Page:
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24 Feb 2006


Hybrid Cars: Fuel-Efficient Cars ... Trend for World's Automotive Industry

The oil crisis has stirred an awareness toward energy conservation and efficient use of fuels around the globe. Inevitably, it has also affected the world's automobile industry and market. Of late, large, high fuel-consumption passenger cars have become less popular with consumers, while fuel-efficient small cars have emerged among the most sought-after vehicles in the market. Scores of public initiatives have been announced in several countries to support efficiency in fuel consumption, as well as the use of alternative energy sources for vehicles, which is playing a more important role in the car markets of each country. For instance, the US government has launched campaigns for efficient use of energy, particularly for those vehicles using motor fuels, by its citizens. Other tax incentives have also been implemented to encourage motorists to use cars equipped with advanced technology that can be applied to alternative energy to ensure fuel consumption efficiency and environmental friendliness.

The latest technological innovation in automotive circles is the hybrid car, a development of interest to both automotive manufacturers and consumers. The US government has implemented various tax incentives to urge motorists to turn to these innovative vehicles. Among the incentives are tax credits for buyers of hybrid cars, making the car prices tax deductible. At this time, most hybrid cars in the US market are manufactured by Japanese carmakers, especially, Toyota and Honda. However, hybrid cars from American automakers, i.e., Ford and General Motors have recently gained greater shares of the market.

A hybrid vehicle, or a gas-electric hybrid powered vehicle, uses a fusion of two technologies, i.e., internal combustion engines (ICEs) and electric motors. As a result, they are efficient in fuel consumption and reduce air pollution; and they are, of course, environmentally friendly. Since the launch of the first batch of hybrid cars into the global market in 1997 from Japanese automakers, especially Toyota taking the lead, the technology of hybrid vehicles has been improving continuously. Currently, several large automakers have put a variety of hybrid models onto the market.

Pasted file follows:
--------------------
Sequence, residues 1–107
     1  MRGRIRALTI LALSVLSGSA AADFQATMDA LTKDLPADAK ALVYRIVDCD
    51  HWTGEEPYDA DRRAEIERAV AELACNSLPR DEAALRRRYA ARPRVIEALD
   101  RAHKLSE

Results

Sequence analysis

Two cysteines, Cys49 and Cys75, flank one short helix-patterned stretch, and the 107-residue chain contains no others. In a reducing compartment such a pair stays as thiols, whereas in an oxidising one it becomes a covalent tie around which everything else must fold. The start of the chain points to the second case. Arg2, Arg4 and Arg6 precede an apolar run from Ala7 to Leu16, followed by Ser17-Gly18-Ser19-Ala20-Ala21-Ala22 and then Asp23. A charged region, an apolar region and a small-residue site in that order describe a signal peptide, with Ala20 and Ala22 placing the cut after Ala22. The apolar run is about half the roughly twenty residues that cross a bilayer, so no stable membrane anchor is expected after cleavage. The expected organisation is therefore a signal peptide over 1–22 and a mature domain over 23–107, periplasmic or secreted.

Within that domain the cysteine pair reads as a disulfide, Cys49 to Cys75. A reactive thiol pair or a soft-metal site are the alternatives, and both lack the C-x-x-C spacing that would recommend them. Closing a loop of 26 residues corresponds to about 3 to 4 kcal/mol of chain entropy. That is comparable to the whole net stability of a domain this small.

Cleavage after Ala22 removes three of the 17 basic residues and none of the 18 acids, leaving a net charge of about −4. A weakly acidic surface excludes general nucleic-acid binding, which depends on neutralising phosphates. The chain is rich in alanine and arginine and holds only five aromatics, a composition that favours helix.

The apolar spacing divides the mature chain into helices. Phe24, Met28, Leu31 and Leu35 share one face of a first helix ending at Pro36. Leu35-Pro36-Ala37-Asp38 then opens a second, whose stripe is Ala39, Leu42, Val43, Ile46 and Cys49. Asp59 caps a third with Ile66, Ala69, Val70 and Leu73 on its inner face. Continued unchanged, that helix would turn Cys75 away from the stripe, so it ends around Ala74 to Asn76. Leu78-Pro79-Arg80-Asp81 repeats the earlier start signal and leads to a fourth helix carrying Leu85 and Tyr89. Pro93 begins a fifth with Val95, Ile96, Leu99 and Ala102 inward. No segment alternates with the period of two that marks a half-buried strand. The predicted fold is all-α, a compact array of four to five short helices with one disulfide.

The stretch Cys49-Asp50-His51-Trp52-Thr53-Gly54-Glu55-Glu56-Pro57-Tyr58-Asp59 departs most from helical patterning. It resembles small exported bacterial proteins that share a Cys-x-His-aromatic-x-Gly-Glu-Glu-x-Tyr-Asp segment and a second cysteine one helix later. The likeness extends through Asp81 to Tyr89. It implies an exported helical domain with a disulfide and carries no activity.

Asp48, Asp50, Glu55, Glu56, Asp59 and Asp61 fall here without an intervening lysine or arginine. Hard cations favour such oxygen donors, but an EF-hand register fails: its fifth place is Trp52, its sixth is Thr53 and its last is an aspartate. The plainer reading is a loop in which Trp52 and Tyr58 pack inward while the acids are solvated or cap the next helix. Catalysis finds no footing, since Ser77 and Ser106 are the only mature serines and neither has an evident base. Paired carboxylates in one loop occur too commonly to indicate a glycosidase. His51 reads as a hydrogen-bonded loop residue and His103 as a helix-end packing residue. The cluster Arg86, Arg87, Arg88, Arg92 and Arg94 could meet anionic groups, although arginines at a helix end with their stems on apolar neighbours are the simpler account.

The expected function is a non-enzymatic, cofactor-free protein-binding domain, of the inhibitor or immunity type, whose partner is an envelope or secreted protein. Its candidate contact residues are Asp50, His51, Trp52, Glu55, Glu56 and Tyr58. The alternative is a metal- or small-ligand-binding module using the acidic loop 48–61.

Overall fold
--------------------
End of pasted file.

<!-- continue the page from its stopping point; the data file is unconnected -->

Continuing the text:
Evidently, the oil crisis that erupted staring in 2004, and on into 2005, made hybrid cars more popular in the US. Their sales volume in 2003, totaling only a few tens of thousands of units per year, previously, jumped to 212,000 units in 2005. This year, it is expected that the sales volume of hybrid vehicles in the US market will total at least 280,000-300,000 units, rising by more than 30-40 percent, year-on-year. This sales volume is expected to double by 2010. Aside from the US, a key market for hybrid cars, their popularity has also become widespread in other countries. According to Toyota -- the market leader in hybrid vehicles -- sales of hybrid cars globally are expected to leapfrog to over 400,000 units in 2006, rising from some 250,000 units in 2005.

KASIKORN RESEARCH CENTER (KResearch) takes the view that if this popularity continues in the midst of oil price volatility, automakers may be able to boost outputs whilst also cutting the unit cost of production for them, thanks to the economies of scale. Moreover, the government's support in boosting production through tax incentives will encourage consumers to turn to hybrid cars, also helping to lift demand. In so doing, hybrid vehicles will be mass-produced on a larger scale, thus reducing their prices in the future.

In Thailand, the government's motor vehicle excise tax revamp was instituted on July 27, 2004, aimed at supporting a policy of national energy-saving programs. Hybrid electric cars are levied an excise tax of only 10 percent. However, despite the excise tax restructuring, the popularity of hybrid vehicles in Thailand remains low due to their prices that are twice as high as conventional cars of the same size. This is because Thailand has to depend on imported completely-built-up (CBU) units for hybrid vehicles, with import tariffs as high as 80 percent or more. If including import charges, duty-related burdens rise over 100 percent. Under these circumstances, KResearch believes that additional support from the public sector is needed.